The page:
BILL NUMBER: AB 21	CHAPTERED
	BILL TEXT

	CHAPTER  1
	FILED WITH SECRETARY OF STATE  FEBRUARY 3, 2016
	APPROVED BY GOVERNOR  FEBRUARY 3, 2016
	PASSED THE SENATE  JANUARY 25, 2016
	PASSED THE ASSEMBLY  JANUARY 28, 2016
	AMENDED IN SENATE  JANUARY 21, 2016
	AMENDED IN SENATE  JANUARY 15, 2016
	AMENDED IN SENATE  JANUARY 4, 2016
	AMENDED IN ASSEMBLY  MAY 5, 2015

INTRODUCED BY   Assembly Members Wood, Bonta, Cooley, Jones-Sawyer,
and Lackey
   (Principal coauthor: Senator McGuire)

                        DECEMBER 1, 2014

   An act to amend Section 11362.777 of the Health and Safety Code,
relating to medical marijuana, and declaring the urgency thereof, to
take effect immediately.


	LEGISLATIVE COUNSEL'S DIGEST


   AB 21, Wood. Medical marijuana: cultivation licenses.
   Existing law, the Compassionate Use Act of 1996, an initiative
measure enacted by the approval of Proposition 215 at the November 5,
1996, statewide general election, authorizes the use of marijuana
for medical purposes. Existing law, enacted by the Legislature,
provides for the licensing and regulation by both state and local
entities of medical marijuana and its cultivation. Existing law
provides that if a city, county, or city and county does not have
land use regulations or ordinances regulating or prohibiting the
cultivation of marijuana, commencing March 1, 2016, the Department of
Food and Agriculture is the sole licensing authority for medical
marijuana cultivation applicants in that city, county, or city and
county.
   This bill would delete the provision that grants the department
the sole licensing authority under those circumstances.
   Existing law exempts certain persons cultivating medical marijuana
from the requirement to obtain both a state license from the
Department of Food and Agriculture and a license, permit, or other
entitlement allowing cultivation from the city, county, or city and
county in which the cultivation will occur. Existing law authorizes a
city, county, or city and county to regulate or ban the cultivation,
storage, manufacture, transport, provision, or other activity by a
person otherwise exempt from state regulation, or to enforce that
regulation or ban.
   This bill would instead provide that an exemption from these
licensure requirements does not limit or prevent a city, county, or
city and county from exercising its police power authority under a
specified provision of the California Constitution.
   This bill would declare that it is to take effect immediately as
an urgency statute.


THE PEOPLE OF THE STATE OF CALIFORNIA DO ENACT AS FOLLOWS:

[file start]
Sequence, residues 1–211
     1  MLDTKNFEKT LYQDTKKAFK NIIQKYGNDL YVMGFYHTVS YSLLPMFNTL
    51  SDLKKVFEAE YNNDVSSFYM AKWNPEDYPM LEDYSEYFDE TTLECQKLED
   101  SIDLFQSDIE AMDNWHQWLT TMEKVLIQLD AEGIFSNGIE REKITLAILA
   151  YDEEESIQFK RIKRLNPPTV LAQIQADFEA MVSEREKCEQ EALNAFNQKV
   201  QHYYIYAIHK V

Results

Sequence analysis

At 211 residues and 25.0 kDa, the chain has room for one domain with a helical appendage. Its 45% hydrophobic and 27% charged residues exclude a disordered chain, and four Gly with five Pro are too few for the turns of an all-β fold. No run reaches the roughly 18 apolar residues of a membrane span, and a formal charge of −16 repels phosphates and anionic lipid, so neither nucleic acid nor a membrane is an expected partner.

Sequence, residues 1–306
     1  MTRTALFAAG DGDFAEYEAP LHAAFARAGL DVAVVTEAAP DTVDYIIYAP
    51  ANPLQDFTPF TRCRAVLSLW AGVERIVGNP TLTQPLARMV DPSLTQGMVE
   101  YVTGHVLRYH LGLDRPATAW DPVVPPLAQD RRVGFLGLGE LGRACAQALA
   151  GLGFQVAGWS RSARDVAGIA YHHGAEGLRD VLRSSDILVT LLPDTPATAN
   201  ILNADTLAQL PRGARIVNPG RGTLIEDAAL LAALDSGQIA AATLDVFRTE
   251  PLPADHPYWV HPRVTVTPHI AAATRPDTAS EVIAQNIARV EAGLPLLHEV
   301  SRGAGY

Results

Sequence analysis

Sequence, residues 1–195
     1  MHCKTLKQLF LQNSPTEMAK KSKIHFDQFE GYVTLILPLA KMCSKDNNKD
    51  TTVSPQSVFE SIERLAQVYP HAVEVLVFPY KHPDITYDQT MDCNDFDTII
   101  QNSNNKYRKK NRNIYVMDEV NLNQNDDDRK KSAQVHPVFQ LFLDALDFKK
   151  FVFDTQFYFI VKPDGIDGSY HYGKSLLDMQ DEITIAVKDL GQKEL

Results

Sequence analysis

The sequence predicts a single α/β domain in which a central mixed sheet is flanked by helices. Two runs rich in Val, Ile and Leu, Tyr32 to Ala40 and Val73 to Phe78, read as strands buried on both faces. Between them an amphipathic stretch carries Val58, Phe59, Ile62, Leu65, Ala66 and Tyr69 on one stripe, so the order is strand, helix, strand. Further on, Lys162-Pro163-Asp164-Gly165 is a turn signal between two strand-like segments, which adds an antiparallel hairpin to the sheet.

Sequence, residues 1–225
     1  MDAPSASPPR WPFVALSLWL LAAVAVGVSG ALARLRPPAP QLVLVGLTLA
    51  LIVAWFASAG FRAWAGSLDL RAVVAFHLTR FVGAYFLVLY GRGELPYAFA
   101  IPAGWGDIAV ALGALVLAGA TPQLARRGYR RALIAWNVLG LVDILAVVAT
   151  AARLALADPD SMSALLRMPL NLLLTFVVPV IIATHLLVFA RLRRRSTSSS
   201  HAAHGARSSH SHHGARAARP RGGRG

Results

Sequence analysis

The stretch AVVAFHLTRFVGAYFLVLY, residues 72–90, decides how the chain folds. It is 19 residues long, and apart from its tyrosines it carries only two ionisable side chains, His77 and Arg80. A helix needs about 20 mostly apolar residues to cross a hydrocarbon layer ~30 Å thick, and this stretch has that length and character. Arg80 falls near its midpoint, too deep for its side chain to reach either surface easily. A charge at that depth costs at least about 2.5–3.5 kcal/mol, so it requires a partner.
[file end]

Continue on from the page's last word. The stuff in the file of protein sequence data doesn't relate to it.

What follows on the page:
SECTION 1.  Section 11362.777 of the Health and Safety Code is
amended to read:
   11362.777.  (a) The Department of Food and Agriculture shall
establish a Medical Cannabis Cultivation Program to be administered
by the secretary and, except as specified in subdivision (c), shall
administer this section as it pertains to the cultivation of medical
marijuana. For purposes of this section and Chapter 3.5 (commencing
with Section 19300) of Division 8 of the Business and Professions
Code, medical cannabis is an agricultural product.
   (b) (1) A person or entity shall not cultivate medical marijuana
without first obtaining both of the following:
   (A) A license, permit, or other entitlement, specifically
permitting cultivation pursuant to these provisions, from the city,
county, or city and county in which the cultivation will occur.
   (B) A state license issued by the department pursuant to this
section.
   (2) A person or entity shall not submit an application for a state
license issued by the department pursuant to this section unless
that person or entity has received a license, permit, or other
entitlement, specifically permitting cultivation pursuant to these
provisions, from the city, county, or city and county in which the
cultivation will occur.
   (3) A person or entity shall not submit an application for a state
license issued by the department pursuant to this section if the
proposed cultivation of marijuana will violate the provisions of any
local ordinance or regulation, or if medical marijuana is prohibited
by the city, county, or city and county in which the cultivation is
proposed to occur, either expressly or otherwise under principles of
permissive zoning.
   (c) (1) Except as otherwise specified in this subdivision, and
without limiting any other local regulation, a city, county, or city
and county, through its current or future land use regulations or
ordinance, may issue or deny a permit to cultivate medical marijuana
pursuant to this section. A city, county, or city and county may
inspect the intended cultivation site for suitability before issuing
a permit. After the city, county, or city and county has approved a
permit, the applicant shall apply for a state medical marijuana
cultivation license from the department. A locally issued cultivation
permit shall only become active upon licensing by the department and
receiving final local approval. A person shall not cultivate medical
marijuana before obtaining both a permit from the city, county, or
city and county and a state medical marijuana cultivation license
from the department.
   (2) A city, county, or city and county that issues or denies
conditional licenses to cultivate medical marijuana pursuant to this
section shall notify the department in a manner prescribed by the
secretary.
   (3) A city, county, or city and county's locally issued